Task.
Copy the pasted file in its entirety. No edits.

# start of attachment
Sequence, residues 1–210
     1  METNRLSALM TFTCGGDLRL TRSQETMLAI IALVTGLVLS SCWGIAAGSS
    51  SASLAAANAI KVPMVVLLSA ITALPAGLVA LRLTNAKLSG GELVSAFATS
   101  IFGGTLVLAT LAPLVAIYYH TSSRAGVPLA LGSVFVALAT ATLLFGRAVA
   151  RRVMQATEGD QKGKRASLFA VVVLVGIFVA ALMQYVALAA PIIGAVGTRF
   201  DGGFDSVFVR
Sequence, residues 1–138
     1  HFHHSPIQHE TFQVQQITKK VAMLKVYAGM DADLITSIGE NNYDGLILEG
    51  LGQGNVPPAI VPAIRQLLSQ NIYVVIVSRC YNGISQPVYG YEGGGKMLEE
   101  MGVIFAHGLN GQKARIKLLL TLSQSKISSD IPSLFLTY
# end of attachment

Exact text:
Sequence, residues 1–210
     1  METNRLSALM TFTCGGDLRL TRSQETMLAI IALVTGLVLS SCWGIAAGSS
    51  SASLAAANAI KVPMVVLLSA ITALPAGLVA LRLTNAKLSG GELVSAFATS
   101  IFGGTLVLAT LAPLVAIYYH TSSRAGVPLA LGSVFVALAT ATLLFGRAVA
   151  RRVMQATEGD QKGKRASLFA VVVLVGIFVA ALMQYVALAA PIIGAVGTRF
   201  DGGFDSVFVR
Sequence, residues 1–138
     1  HFHHSPIQHE TFQVQQITKK VAMLKVYAGM DADLITSIGE NNYDGLILEG
    51  LGQGNVPPAI VPAIRQLLSQ NIYVVIVSRC YNGISQPVYG YEGGGKMLEE
   101  MGVIFAHGLN GQKARIKLLL TLSQSKISSD IPSLFLTY